This is, in itself, a great concept. I particularly like that the creator has used the urban extent rather that administrative boundaries, which rarely follow the true urban extent of a city. The glaring error is scale. It looks like the creator traced the boundaries of each city’s urban extent in Google Maps (aerial view) or similar. All well and good, but a quirk of representing a 3D globe on a 2D “slippy” map means that the scale in Google Maps (and OpenStreetMap and other maps projected to “WebMercator”) varies with latitude, at a fixed zoom level. This hasn’t been accounted for in the graphic, with the result that all cities near the equator (i.e. most of the Asian and African ones) are shown on the map smaller relative to the others, while cities near the poles (e.g. London, Paris, Edmonton, Toronto) are shown misleadingly big. This is a problem because the whole point of the graphic is to compare footprints (and populations) of the major cities. In fact, many of those Chinese and African cities are quite a bit bigger relative to, for example, London, than the graphic suggests.

2. Where Do All The Jedi Live?

religions

The map is in the Daily Mirror (and their online new media) so it doesn’t need to be a pinnacle of cartographic excellence – just a device to get a story across.However, Oxford and Mid Sussex – 40% of the datapoints – are shown in the wrong place – both are much closer to London than the map suggests. The author suggests they did this to make the text fit – but there better ways to accommodate text while having the centroid dots in the correct location. It might take a little longer but then it wouldn’t be – quite simply – wrong. I’m somewhat disappointed that the Mirror not only stoops to the level of Fox News in the accuracy of their mapping, but appears to have no problem with maintaining such an error, even when readers point it out. It’s sloppy journalism and a snub to the cartographic trade, that just relocating whole cities for artistic purposes is not an issue, particularly as so many people in the UK have relatively poor spatial literacy and so can be potentially easily manipulated.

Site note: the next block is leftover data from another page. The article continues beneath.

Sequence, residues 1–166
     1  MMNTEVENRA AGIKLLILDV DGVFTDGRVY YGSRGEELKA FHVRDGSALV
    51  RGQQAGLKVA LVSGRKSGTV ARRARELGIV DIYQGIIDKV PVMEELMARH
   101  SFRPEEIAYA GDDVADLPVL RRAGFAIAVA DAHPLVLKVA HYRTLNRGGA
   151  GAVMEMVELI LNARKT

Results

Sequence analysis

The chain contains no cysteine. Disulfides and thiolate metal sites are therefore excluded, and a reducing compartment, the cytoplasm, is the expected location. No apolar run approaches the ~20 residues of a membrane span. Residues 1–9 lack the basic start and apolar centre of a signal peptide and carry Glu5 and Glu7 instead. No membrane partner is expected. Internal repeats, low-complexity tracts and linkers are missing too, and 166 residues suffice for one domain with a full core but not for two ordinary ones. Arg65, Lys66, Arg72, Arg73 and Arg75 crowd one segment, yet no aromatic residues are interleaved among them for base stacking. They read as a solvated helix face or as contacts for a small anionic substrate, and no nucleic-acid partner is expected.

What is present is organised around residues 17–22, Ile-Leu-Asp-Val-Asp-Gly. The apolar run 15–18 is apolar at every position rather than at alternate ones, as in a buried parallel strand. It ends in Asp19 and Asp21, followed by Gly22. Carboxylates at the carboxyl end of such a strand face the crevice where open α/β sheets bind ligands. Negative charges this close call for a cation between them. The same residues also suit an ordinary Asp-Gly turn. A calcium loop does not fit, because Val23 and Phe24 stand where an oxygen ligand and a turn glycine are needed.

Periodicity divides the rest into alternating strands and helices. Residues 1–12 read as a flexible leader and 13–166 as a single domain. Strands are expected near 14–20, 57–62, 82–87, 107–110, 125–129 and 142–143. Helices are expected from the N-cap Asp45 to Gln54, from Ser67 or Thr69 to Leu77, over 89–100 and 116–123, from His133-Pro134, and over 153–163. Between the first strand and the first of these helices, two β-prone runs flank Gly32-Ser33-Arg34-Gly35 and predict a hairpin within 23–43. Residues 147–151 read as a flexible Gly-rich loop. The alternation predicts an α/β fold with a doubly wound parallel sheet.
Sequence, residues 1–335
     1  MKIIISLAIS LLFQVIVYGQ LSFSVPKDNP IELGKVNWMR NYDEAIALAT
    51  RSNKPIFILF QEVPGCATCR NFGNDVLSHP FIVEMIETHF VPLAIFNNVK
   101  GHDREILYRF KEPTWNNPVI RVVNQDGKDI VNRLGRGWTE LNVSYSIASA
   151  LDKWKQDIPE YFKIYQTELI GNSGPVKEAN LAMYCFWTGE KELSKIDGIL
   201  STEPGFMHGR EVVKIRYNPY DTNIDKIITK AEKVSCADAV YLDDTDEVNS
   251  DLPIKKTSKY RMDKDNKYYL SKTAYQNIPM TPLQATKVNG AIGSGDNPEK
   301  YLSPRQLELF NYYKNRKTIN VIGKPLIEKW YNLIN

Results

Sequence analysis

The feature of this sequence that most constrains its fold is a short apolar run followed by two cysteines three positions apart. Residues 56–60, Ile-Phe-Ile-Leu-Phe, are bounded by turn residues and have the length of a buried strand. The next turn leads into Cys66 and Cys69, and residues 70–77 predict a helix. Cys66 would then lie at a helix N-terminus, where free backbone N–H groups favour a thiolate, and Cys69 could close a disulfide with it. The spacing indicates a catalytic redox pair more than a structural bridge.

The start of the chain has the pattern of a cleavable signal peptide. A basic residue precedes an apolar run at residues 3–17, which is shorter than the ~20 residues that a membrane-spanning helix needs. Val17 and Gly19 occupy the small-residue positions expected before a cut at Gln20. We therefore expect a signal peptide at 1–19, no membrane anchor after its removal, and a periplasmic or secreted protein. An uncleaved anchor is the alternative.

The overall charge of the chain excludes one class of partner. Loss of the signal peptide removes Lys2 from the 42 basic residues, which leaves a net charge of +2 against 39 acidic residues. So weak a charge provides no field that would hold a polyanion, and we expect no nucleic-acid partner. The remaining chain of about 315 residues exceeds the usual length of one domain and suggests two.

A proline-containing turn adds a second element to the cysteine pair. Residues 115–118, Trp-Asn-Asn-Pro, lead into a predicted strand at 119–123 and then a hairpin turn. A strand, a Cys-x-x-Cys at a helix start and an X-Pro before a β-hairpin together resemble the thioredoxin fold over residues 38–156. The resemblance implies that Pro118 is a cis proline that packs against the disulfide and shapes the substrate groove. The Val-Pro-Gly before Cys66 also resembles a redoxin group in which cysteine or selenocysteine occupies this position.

3. A London map…

breakfasts

I’m not really sure where to begin here. I’m not sure if any of the features are in fact in the right place!